CSE 2015, AIR 73 Shashank Mani Tripathi shares what strategy he adopted to make notes for his UPSC preparation.
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“I am a product of government schools,” begins IAS Shashank Mani Tripathi, who secured an All India Rank of 73 in CSE 2015.
“Where I come from, the UPSC exam is a huge deal, and it was no different for my parents. And while I was a good student, I wouldn’t have picked this stream if I was left to my own devices. My parents pushed me towards it,” he confesses.
What Shashank was especially good at was quizzing, and he recollects participating in various competitions, even in the district level. “That helped when I was preparing for the CSE,” he says.
Shashank went on to study engineering, and after passing out of college, he took up a job with a telecom giant based in Gurugram, where he worked for almost four years.
But the idea of clearing the UPSC exam hovered in his mind, and a few years into his corporate career, Shashank decided to start preparing for the CSE, and in 2013 he attempted the examination for the first time. While he did not clear it in his first attempt, he attempted it again in 2014 and managed to secure AIR 73.
Shashank helps us understand what strategy worked for him while making notes for the examination.
1. Making notes does not mean you write another book
Since Shashank was working full time, while also preparing for the exam, he says that he did not have too much time on hand and therefore did everything to maximise it.
“It is important to make notes that you can easily refer to during the stage of revision. You are not writing a book, so make sure that the notes are not very elaborate, or as bulky as the subject book itself,” he begins.
However, he does acknowledge that no one rule fits all in this area, and aspirants must make notes that work the best for them. “While good notes can be handy, especially for revisions, I believe it depends upon the individual, and his/her style of preparation,” he says.
2. Be selective in making notes
Shashank did not make any notes for general studies since he says that his preparation for the same was heavily based on internet research. “Making notes is an exercise of skill and requires a lot of patience and time, and since I was working, I had to use my time efficiently.”
Shashank made notes for subjects where the material was not readily available and was somewhat abstract.
“I used my time to make notes for my optional paper, which was political science and the ethics paper in the general studies category. Subjects like history and geography are objective streams; if you read enough material and are decent at writing your answers, it will be possible to do well.”
3. Read first and make notes later
“While preparing from a particular textbook, I would read it thoroughly at least twice. In the second reading, I would underline the parts I would want to revise later on or make notes for. I would also ensure that I sat with the syllabus and went over the topic mentioned in that with a fine-toothed comb,” he says.
It is essential for the first reading to be done without any prejudice towards the subject or the topic being read. “Read without assigning any importance to a particular topic. Think of it like reading a novel, he says. Every time you read it, something new pops up. Don’t skim the contents and rush to make notes,” he explains.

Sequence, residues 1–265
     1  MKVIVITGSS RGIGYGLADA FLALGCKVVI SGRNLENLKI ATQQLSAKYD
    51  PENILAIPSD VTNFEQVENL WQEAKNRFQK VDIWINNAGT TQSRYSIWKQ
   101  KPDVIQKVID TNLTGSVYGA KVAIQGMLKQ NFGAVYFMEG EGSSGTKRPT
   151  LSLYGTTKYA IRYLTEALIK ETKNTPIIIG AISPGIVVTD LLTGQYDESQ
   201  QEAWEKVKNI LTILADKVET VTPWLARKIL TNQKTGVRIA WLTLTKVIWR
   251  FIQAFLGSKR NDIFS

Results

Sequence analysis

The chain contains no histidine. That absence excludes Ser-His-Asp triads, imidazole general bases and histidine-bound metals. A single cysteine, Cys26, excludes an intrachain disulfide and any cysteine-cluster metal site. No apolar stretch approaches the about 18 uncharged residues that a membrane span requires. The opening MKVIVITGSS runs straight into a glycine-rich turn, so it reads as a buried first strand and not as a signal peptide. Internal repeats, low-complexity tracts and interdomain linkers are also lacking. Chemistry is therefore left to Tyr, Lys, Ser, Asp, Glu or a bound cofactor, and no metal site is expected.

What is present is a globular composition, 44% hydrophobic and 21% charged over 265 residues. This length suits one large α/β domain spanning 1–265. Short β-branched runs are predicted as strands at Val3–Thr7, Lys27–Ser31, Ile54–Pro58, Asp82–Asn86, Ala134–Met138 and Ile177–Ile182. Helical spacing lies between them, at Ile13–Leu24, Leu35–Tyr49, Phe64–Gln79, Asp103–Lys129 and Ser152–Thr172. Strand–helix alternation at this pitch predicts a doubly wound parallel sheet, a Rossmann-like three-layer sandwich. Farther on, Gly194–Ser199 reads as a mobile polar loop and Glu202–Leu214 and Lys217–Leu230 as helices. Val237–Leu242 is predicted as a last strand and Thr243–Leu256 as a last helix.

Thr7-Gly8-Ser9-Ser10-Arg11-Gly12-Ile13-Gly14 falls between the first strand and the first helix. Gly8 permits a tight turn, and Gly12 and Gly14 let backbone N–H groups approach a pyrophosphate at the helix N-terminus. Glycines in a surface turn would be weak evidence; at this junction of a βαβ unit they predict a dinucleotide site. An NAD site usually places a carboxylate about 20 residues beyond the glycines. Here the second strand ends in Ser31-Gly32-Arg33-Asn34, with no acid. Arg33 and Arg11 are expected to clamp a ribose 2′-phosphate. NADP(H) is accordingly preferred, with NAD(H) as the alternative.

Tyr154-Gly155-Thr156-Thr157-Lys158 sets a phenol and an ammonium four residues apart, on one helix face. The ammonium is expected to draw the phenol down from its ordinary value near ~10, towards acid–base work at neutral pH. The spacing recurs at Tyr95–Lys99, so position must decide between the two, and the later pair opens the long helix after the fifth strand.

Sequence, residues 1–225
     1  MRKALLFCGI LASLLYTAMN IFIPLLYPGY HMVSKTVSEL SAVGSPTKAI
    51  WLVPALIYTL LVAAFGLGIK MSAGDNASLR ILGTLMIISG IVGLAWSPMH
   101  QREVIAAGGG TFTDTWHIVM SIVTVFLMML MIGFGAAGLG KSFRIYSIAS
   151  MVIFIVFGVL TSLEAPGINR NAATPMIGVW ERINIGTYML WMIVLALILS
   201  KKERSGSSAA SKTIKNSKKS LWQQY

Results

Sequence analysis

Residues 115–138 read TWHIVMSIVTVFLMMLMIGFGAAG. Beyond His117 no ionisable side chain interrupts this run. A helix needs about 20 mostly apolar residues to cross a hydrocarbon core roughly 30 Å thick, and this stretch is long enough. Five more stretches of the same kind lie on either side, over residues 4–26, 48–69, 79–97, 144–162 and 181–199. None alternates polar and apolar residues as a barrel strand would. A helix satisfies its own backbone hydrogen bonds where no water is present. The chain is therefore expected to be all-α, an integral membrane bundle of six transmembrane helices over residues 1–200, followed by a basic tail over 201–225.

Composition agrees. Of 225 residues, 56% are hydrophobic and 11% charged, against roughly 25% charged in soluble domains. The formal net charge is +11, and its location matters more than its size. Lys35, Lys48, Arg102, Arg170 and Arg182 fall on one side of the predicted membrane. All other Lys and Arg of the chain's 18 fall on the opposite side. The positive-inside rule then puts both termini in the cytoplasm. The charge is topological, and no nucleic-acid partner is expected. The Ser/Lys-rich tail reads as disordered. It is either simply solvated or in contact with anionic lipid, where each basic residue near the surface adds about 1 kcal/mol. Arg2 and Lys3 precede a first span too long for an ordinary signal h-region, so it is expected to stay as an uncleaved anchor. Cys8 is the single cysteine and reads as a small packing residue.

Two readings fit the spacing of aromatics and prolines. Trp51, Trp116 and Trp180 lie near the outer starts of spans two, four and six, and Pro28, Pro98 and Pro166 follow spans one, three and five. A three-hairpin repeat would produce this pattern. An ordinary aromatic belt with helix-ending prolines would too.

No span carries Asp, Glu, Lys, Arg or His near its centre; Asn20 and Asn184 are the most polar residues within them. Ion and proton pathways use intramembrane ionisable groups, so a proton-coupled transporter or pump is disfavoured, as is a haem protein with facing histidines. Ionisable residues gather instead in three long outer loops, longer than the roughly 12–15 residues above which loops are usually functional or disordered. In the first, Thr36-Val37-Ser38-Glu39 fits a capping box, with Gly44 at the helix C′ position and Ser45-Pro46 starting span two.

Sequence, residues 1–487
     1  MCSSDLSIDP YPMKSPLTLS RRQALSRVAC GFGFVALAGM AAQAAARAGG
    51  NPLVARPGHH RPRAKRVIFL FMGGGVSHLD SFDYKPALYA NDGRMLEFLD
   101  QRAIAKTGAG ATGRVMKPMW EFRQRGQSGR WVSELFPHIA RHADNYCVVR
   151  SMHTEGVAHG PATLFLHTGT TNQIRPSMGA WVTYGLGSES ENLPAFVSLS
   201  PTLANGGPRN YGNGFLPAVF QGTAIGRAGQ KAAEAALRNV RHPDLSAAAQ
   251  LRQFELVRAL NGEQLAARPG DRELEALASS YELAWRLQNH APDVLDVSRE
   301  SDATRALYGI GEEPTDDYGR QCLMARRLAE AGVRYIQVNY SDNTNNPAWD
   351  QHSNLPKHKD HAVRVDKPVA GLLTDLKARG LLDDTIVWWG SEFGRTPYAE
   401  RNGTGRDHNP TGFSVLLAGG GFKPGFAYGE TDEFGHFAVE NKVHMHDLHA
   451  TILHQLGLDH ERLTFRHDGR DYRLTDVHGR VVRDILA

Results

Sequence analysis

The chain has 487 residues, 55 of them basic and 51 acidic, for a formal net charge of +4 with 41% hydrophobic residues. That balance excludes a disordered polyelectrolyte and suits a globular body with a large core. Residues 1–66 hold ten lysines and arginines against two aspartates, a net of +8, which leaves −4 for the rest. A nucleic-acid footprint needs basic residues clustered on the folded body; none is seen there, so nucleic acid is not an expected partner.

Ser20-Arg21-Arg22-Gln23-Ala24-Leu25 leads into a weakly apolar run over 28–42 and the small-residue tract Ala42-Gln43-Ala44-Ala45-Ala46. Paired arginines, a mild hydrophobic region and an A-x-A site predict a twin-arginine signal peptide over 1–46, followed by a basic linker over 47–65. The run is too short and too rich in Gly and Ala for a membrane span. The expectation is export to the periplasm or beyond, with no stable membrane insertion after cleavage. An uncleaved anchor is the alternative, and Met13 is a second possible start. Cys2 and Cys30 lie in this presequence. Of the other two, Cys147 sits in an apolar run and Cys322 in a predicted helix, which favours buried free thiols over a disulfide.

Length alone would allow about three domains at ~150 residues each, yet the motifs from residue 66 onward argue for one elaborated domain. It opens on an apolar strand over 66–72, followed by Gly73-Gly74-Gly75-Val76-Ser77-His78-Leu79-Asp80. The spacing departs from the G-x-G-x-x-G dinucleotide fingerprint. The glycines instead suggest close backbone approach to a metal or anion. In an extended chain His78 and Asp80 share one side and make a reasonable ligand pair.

One crucial point to always remember while making notes is that it must be such that if you were to pick it up for revision a day before the examinations, you should be able to comprehend and go through it without any doubt.
With respect to reading newspapers, Shashank mentions that he read most of the editions online “I primarily used Feedly for reading news and Evernote for sorting and storing information that I found online.”
4. Do not pile up on study material
Many aspirants are often tempted to keep piling up study material and therefore end up making very elaborate notes as well. Stick to the necessary materials required and make notes accordingly.
Shashank also says that even while making notes, it is important to be clear about what topics require notes and what do not. “For example, what good would it be to make a completely new note on an editorial already written?” asks Shashank. He urges aspirants to try to reflect on whatever they read and then note down their own understanding of the matter.
5. Make notes with a focus to clear exams
“The notes you make specifically for the CSE examination is for just that. Do not aim to make them very scholarly or master the subject. That will completely defeat the purpose,” says Shashank.
Citing himself as an example, he says, “There will always be a subject that one finds fascinating while preparing. For me, it was political science, my optional subject. But one has to be mindful of how much time one spends in reading material pertinent to it. One must not get swayed by interest.”
While this is the strategy that worked for Shashank, a few other IAS officers have shared what worked for them. You can click here to read what Namrata Jain, CSE 2018 AIR 12 has to say and click here to access the interview with Athar Aamir-ul-Shafi Khan, CSE 2016 AIR 2.
If you are an aspirant preparing for the CSE, do write in to us and tell us about what strategy worked for you.
(Edited by Gayatri Mishra)